370. Buddha Nature (2)

Buddha Nature is said  to  exist  in  two  forms. When it’s covered over  by kleshas,  the defilements, it’s called tathagatagarbha—Buddha embryo or womb.

When  those defilements  don’t exist anymore,  it’s called Dharmakaya. Dharmakaya  is the universal  body of the Buddha, the Body which encompasses  all of existence. The Dharmakaya is  said (in the Nirvana sutra for instance) to have four qualities: self, bliss, eternity  and purity. 

When we hear that,  it doesnt sound like Buddhism. In fact, it sounds like the  complete opposite of. everything  that  we’ve been taught about no self, impermanence  and  suffering. Indeed those four  qualities are the opposite of the four qualities which we’re told  characterises samsara: suffering, the belief in a personal, continuing  self,  impermanence  and the kleshas,-—the  mental impurities. 

In her book ‘Buddha Nature’, Sallie King says   that the Dharmakaya isn’t  about establishing a new self. Rather, it’s a creative and appropriate response  to Nagarjuna. Her argument is  that  Nagarjuna’s method  of subjecting all concepts  to  destructive analysis  leaves us with a  conception of emptiness  which is negative.

In his time – and now too – Nagarjuna  is often criticised (unfairly and incorrectly) as a nihilist,  because  the  positive  side of his teaching  is ignored, because it’s not explicit in his principal writings. It’s there by  inference.

In that way, it’s quite similar  to  the Buddha, who  doesn’t describe  the  state  that the meditator is in  when they leave their  misconceived  conceptual world—when they leave  their adherence to a fixed sense of self—it’s simply  left  for the practitioner to  discover, because explication would leave the practitioner still mired in a conceptual position.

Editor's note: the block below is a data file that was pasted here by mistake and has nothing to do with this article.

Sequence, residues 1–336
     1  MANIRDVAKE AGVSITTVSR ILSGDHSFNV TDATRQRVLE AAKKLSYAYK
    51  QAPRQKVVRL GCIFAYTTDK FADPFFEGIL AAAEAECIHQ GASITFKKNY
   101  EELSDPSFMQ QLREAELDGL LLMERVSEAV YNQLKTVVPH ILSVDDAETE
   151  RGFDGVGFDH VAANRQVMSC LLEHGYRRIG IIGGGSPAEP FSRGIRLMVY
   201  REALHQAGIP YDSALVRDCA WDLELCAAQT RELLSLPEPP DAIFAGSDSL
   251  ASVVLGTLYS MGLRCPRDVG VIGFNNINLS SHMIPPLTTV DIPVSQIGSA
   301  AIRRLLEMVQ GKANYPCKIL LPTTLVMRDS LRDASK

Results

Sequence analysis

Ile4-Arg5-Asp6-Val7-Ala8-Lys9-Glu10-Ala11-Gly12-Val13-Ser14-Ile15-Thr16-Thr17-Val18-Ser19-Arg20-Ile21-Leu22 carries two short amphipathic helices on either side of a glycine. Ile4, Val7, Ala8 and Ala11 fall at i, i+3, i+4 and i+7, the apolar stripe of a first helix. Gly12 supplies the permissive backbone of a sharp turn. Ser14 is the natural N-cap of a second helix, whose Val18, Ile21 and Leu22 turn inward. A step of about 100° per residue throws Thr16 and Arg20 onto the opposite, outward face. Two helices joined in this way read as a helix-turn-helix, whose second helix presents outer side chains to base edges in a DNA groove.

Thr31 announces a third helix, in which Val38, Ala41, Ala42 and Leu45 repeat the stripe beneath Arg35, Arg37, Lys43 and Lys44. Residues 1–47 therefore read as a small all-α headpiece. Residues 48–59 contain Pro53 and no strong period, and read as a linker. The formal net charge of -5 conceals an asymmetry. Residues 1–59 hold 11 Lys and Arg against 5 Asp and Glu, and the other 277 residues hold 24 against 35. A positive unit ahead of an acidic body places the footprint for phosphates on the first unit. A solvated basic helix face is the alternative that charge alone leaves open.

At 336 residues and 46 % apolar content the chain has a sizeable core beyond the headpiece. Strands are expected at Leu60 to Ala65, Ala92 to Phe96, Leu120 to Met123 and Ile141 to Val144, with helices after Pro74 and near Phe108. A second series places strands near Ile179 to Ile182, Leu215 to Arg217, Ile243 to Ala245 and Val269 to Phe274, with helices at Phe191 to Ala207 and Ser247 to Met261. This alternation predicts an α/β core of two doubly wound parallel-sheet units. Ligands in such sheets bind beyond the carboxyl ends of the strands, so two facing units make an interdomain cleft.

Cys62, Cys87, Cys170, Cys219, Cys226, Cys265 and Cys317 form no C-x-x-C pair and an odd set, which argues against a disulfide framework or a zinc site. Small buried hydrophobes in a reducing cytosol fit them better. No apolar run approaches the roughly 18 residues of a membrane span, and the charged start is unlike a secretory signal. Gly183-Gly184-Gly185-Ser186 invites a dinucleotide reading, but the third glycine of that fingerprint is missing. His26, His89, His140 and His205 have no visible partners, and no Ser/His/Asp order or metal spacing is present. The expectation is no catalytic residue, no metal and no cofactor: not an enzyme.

Likewise, when  Nagarjuna clears away  all the  erroneous,  conceptual structures he doesn’t tell  us  what  the ground, which is left, looks like. The suggestion Sallie King makes is that after Nagarjuna, the emerging Mahayana tradition took a  turn towards  talking about emptiness  in positive terms to remedy this misunderstanding which led to nihilism. Compassion was further emphasised, for the same reason.

The various sutras that we associate  with that  were turbocharged in impact because of the fortunate coincidence (for  them) of their appearance in the  early centuries of the common era. This coincided with the reception of Buddhism  in China.  Because the  positive language of those sutras  was much more in keeping with the positive view the Chinese had of the world (rather than  a quite pervasive  view  in the Indian spiritual traditions that  the world was something that we require  to be liberated from), these sutras thrived in their new environment.

Careful analysis of  the texts has made it clear that people no one thought that the Dharmakaya or the Tathagatagarba  was a ‘something’, contravening  emptiness. Rather, it was a positive  interpretation of emptiness, so for  instance, in the Buddha Nature Treatise, there’s the following passage,”Buddha Nature  is the thusness  revealed by the dual emptiness of person  and things.  If one does not speak of Buddha Nature then one does not understand emptiness.” The author is clear that you need to  see these concepts  through the lens of Emptiness. 

And if we also see these concepts  through the lens of  Practice  then it seems to  me that  Dharmakaya, the universal  body of the Buddha, is an experientially accurate way  of describing our experience  sometimes in Zazen—of non-separation, of the the split  between  ourselves and the world  and the internal splits that we have dropping away, which Isso Fujita calls one piece Zen.